αA and αB Knockout Mice
αA(−/−) knock out 129SvJ mice have recently been generated by a targeted disruption of the mouse αA gene as described previously. 22 The lenses from these mice showed progressive lens opacification that became apparent several weeks after birth. 22 They contained insoluble αB in their fiber cells. The αB knockout lenses, which were also generated by the same laboratory, were found to be cataract free. 23 Theα B(−/−) knockout mice were generated by standard embryonic stem cell manipulations. In the second gene-targeting vector, most of the coding region of the HSPB2 36 gene, the common HSPB2/αB promoter region, and αB coding sequence through the middle of the last exon (exon 3) are replaced with a PGK/neo selectable marker. 23 Both the αB gene and the muscle-specific HSPB2 gene are effectively inactivated in these mice (data not shown).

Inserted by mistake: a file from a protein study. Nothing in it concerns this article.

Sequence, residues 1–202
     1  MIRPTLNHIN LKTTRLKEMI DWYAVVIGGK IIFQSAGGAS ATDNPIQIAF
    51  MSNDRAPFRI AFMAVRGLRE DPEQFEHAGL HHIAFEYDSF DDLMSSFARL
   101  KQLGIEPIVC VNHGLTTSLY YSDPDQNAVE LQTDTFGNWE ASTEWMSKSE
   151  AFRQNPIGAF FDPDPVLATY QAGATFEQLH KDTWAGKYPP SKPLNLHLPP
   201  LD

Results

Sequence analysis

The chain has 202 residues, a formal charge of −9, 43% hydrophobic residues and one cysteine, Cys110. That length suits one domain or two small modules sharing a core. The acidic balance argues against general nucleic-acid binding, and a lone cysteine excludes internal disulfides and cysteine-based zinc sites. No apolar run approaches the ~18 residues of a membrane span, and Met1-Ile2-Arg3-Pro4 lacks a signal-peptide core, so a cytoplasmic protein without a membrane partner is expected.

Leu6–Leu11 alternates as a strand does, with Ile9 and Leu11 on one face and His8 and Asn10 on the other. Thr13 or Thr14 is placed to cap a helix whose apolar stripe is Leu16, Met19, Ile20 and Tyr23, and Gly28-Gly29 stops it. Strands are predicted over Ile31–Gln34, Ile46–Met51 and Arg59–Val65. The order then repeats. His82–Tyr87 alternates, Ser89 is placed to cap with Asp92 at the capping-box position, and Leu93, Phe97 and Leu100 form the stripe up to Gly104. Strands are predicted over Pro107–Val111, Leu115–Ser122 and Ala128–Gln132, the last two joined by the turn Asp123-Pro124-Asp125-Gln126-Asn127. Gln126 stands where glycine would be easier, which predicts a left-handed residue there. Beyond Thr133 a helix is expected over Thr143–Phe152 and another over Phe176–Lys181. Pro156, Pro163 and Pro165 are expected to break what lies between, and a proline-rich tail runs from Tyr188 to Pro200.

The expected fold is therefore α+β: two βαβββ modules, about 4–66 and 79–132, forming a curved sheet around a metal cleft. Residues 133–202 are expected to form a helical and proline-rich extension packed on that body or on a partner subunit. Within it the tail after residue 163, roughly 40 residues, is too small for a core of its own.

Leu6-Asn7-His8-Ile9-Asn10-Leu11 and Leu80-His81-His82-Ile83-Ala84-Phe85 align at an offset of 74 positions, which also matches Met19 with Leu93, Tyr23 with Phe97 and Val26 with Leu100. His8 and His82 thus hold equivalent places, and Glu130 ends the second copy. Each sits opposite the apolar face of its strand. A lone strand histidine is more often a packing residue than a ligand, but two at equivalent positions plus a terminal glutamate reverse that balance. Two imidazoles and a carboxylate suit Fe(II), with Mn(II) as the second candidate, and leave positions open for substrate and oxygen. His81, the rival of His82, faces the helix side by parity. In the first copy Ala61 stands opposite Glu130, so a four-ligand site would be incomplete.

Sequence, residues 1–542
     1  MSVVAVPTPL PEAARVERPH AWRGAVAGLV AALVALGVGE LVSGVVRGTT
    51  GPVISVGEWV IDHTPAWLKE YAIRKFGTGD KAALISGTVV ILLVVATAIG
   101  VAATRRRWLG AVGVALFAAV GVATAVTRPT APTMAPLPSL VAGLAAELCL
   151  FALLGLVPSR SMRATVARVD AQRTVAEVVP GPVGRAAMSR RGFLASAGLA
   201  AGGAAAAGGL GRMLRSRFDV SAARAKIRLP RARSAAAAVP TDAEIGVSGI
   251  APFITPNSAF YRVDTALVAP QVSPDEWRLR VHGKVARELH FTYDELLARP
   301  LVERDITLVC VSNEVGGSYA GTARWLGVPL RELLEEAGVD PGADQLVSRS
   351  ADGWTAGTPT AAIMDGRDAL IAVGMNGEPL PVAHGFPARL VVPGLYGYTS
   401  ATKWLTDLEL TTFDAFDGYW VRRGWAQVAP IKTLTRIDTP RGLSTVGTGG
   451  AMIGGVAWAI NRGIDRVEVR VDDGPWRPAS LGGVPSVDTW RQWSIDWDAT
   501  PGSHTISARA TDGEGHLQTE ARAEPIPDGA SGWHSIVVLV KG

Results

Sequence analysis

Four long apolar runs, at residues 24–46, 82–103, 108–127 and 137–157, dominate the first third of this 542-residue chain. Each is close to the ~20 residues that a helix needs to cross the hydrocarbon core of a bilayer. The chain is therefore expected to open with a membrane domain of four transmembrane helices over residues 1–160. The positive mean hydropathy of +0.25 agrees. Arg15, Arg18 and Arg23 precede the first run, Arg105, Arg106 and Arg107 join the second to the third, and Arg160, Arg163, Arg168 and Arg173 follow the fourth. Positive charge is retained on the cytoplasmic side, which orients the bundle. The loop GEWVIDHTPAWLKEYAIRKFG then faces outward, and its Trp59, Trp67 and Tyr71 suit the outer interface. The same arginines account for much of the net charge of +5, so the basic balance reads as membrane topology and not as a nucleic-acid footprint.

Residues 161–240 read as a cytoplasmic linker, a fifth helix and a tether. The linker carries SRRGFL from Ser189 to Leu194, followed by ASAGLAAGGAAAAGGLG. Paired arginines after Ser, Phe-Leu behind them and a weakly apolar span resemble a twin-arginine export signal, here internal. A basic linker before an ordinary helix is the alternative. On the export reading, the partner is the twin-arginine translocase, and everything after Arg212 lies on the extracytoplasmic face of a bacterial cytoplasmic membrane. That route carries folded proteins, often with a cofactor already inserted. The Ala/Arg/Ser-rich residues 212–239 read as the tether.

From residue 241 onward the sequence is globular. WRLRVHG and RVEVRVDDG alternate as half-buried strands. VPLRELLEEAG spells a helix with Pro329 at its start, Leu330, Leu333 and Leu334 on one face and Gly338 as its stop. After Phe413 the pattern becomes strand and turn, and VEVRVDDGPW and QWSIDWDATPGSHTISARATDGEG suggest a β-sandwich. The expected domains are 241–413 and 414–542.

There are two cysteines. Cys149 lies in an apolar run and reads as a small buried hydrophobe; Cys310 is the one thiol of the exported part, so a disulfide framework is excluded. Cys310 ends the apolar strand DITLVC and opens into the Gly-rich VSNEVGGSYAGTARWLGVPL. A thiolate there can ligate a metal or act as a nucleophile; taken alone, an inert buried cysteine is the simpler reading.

Whole lenses (with encapsulated epithelium) from mice bred and maintained at the Washington University, St. Louis animal facility 14 were isolated under RNase-free conditions. Lenses from different ages (0.5–14 months) were isolated from αA andα B knockout mice and their age-matched wild-type animals. 
GSH Levels and Rates of GSH Synthesis
GSH levels in HLE-B3 cells and in whole lenses were measured either by recycling assay or by a fluorescent technique that we described previously. 37 38 Maximal rates of GSH synthesis in mock- and αA-transfected cells were determined in predialyzed cytosol by the rate of formation of monochlorobimane adduct in the presence of excess amino acid precursors of GSH as described. 38 The molecular form of GSH and thiols in cells and in whole lenses was verified by HPLC according to the method of Fariss and Reed. 39  
Northern and Western Blot Analysis of GCS Subunits